The Vaccine Research Center of NIH published a randomized, open-label, dose-escalation phase 1 clinical trial of the DS-Cav1 stabilized pre-F subunit vaccine. 95 healthy adults were vaccinated with different dosages and with or without aluminium hydroxide adjuvant. During the 44 weeks follow-up, the DS-Cav1 vaccine was found to be safe and well tolerated. After an initial high vaccine response in RSV F-protein specific antibodies, sustained neutralizing activity against both RSV subtypes A and B was found across all dosage groups with no or only marginal differences between doses and no effect of the aluminium hydroxide adjuvant. Although a second immunization at week 12 was associated with initially higher neutralizing activity, it did not significantly impact the sustainability of the antibody response at week 44 compared to a single immunization. In addition, the vaccine induced an elevation of pre-F-specific IgG and IgA in the nasopharyngeal mucosa. These results give hope for RSV vaccine development and may have predictive value for the ongoing phase 3 trials with RSV pre-F subunit vaccines in pregnant women.
Thomas E, Mattila JM, Lehtinen P, Vuorinen T, Waris M, Heikkinen T
RSV is the number one cause of hospitalization for acute lower respiratory tract infection in infants. Moreover, RSV affects an even bigger group of non-hospitalized children. Thomas and his colleagues decided to investigate the burden of RSV infection in this under-recognized patient group. They prospectively followed 408 newborns in Finland during their first RSV season. Throughout this period, one third of the participants was diagnosed with proven RSV infection. Infants with one or more siblings were infected twice as often as those without siblings. In 76.9% of diseased children, RSV infection was complicated by acute otitis media and 70.9% required antibiotics. As expected, a minority of children (6.7%) with RSV infections was hospitalized. This study shows that RSV illness brings upon a great burden in not only hospitalized, but also outpatient newborns. Future preventive and therapeutic measures might be worth exploring for these infants as well.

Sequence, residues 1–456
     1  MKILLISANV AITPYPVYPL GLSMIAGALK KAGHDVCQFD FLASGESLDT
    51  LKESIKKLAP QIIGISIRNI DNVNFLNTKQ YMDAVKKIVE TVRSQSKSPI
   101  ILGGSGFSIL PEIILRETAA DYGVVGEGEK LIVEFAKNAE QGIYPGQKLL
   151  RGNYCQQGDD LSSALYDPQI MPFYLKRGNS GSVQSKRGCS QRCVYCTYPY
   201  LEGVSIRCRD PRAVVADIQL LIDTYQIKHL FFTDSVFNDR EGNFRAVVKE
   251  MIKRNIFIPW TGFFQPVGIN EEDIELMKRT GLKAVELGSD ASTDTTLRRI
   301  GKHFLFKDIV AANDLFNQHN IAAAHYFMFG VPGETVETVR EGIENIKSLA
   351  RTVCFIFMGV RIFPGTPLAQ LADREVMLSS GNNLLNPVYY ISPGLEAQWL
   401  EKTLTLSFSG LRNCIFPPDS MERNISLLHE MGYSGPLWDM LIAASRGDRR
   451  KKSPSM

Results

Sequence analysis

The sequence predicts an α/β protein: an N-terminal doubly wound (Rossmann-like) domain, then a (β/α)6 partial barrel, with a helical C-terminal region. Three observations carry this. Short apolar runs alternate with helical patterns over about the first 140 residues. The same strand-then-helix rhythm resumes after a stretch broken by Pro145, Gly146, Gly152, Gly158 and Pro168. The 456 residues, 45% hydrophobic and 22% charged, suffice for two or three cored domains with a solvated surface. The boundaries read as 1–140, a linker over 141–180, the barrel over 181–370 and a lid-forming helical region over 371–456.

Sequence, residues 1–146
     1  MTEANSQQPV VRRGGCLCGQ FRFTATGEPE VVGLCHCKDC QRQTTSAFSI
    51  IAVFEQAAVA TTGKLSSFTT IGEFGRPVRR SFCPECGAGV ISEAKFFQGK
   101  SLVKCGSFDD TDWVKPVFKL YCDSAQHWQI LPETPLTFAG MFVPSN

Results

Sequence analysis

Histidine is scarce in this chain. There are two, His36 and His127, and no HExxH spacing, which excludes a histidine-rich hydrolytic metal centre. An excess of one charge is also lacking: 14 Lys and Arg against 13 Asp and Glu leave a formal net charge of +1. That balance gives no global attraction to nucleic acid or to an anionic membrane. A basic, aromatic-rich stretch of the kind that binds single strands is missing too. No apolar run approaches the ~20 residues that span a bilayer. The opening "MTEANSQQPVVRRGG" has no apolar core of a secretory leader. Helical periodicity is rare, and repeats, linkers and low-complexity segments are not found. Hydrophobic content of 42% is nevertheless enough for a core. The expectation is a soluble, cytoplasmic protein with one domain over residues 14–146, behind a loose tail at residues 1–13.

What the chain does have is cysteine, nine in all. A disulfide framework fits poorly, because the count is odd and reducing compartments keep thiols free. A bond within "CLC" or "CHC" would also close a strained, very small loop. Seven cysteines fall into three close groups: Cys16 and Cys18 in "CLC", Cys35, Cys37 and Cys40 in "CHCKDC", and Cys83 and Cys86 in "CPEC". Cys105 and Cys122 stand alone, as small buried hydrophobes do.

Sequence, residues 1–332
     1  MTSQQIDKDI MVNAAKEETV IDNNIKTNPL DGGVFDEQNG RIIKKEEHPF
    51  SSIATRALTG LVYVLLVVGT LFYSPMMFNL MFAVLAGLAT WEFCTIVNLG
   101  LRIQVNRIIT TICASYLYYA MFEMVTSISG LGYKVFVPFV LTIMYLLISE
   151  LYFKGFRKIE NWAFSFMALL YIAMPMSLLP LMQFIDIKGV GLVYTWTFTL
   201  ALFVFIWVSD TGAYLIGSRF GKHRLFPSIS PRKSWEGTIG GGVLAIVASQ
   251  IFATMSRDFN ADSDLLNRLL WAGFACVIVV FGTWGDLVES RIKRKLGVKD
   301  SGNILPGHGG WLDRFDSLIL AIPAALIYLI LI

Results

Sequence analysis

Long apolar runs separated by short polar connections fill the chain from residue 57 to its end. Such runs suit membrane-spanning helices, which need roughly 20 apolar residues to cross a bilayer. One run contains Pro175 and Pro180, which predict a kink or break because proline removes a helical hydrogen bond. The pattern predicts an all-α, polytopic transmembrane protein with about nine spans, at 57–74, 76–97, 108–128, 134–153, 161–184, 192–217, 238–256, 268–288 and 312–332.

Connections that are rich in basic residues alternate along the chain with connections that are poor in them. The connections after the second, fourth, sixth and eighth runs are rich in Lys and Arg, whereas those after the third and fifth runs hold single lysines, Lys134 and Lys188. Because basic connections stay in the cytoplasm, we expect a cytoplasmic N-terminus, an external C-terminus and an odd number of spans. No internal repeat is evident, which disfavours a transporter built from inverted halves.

Foley DA, Yeoh DK, Minney-Smith CA, Martin AC, Mace AO, Sikazwe CT, Le H, Levy A, Moore HC, Blyth CC
During the current COVID-19 pandemic, RSV infections have fallen of the radar. We have seen a tremendous decrease in RSV infection rates, which usually peak during the fall and winter seasons. This raises the question: what is going to happen when COVID-19 cases decline and public health measures are reduced? Foley and his colleagues highlight the situation in Western Australia in their letter to the editor. Since the end of the winter season, there has been an absence of SARS-COV-2 transmission in Western Australia and hereafter only limited social distancing measures were continued. In their letter, the authors link RSV infection rates in Western Australian children to the simultaneous corona regulations in place. An increase in RSV activity is seen starting from September when safety measures were loosened up. The rising number of cases have exceeded the median seasonal peak from the last 8 years. These findings raise concerns for RSV control in other countries and areas, when moderation of COVID-19 related measures may bring upon a surge in RSV infection.
Sadoff J, De Paepe E, DeVincenzo J, Gymnopoulou E, Menten J, Murray B, Bastian AR, Vandebosch A, Haazen W, Noulin N, Comeaux C, Heijnen E, Eze K, Gilbert A, Lambkin-Williams R, Schuitemaker H, Callendret B